Protein kinase RNA-like endoplasmic reticulum kinase




Reactive oxygen species


Ribosomal protein S6 Kinase α3


Receptor activator of nuclear factor-κB ligand


Receptor activator of nuclear factor-κB


Silent information regulator 1


Severe acute respiratory syndrome coronavirus


Superoxide dismutase


Recombinant SMAD family member 3


Stimulated by retinoic acid gene 8


Synaptonemal complex protein 3


Recombinant suppressors of cytokine signaling 3


α- Smooth muscle actin


Smad ubiquitination regulatory factor 2


Tumor necrosis factor α


Traditional Chinese medicines


Toll-like receptor 4


Transient receptor potential channel


Transforming growth factor-β


Tumor necrosis factor receptor-associated factor 6


Triiodothyronine receptor auxiliary protein




Tyrosinase related protein-1


Tyrosinase related protein-2


Ultra-Violet C


Ultra-Violet A


Ultra-Violet B


Urokinase type fibrinolytic enzyme former activators


Spliced form of X-box binding protein1


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This work was supported by Qilu School of Traditional Chinese Medicine Academic School Inheritance Project (Qilu Authentic Chinese medicine processing characteristics of traditional Chinese medicine 2021-001, Characteristic techniques of traditional Chinese medicine for Fever Differentiation and treatment of Qilu Wen Disease School 2022-041); Shandong Province Graduate Education Quality courses and professional degree graduate teaching case base project (No.SDYAL20053); Graduate Education Quality Improvement Program of Shandong Province (No.SDYKC21047).


Qilu School of Traditional Chinese Medicine Academic School Inheritance Project (Qilu Authentic Chinese medicine processing characteristics of traditional Chinese medicine 2021-001, Characteristic techniques of traditional Chinese medicine for Fever Differentiation and treatment of Qilu Wen Disease School 2022-041); Shandong Province Graduate Education Quality courses and professional degree graduate teaching case base project (No.SDYAL20053); Graduate Education Quality Improvement Program of Shandong Province (No.SDYKC21047).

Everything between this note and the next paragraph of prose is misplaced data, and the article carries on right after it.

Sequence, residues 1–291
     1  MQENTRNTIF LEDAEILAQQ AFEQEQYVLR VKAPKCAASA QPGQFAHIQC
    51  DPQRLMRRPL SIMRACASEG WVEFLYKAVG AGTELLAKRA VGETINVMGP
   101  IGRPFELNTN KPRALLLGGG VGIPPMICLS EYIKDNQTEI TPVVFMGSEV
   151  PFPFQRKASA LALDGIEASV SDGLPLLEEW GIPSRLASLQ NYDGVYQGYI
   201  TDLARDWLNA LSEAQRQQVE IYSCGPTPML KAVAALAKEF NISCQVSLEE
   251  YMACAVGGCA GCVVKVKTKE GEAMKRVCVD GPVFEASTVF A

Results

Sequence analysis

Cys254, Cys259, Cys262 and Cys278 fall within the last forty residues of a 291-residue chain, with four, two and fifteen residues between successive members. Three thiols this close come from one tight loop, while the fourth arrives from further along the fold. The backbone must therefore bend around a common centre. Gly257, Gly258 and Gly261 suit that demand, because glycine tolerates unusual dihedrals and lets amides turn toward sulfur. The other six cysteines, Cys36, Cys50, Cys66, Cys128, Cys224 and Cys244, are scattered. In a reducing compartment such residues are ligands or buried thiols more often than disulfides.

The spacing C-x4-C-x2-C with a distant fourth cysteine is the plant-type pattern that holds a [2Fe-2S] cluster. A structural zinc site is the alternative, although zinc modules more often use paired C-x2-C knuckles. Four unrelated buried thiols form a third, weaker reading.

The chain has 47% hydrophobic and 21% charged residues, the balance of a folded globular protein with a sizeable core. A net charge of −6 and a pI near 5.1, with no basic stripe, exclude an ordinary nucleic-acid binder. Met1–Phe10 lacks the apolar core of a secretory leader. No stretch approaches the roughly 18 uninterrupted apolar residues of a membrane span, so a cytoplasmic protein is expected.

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LC conceived and wrote the manuscript. SC performed the arrangement of tables and pictures. PS checked the chemical structures. XL checked the forms. JW and ZZ revised the manuscript. All authors read and approved the final version of manuscript. All authors read and approved the final manuscript.

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Correspondence to Zhaoshuang Zhan or Jiafeng Wang.

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Chen, L., Chen, S., Sun, P. et al. Psoralea corylifolia L.: a comprehensive review of its botany, traditional uses, phytochemistry, pharmacology, toxicology, quality control and pharmacokinetics. Chin Med 18, 4 (2023).

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  • Psoralea corylifolia L.
  • Traditional uses
  • Phytochemistry
  • Pharmacology
  • Toxicology
  • Quality control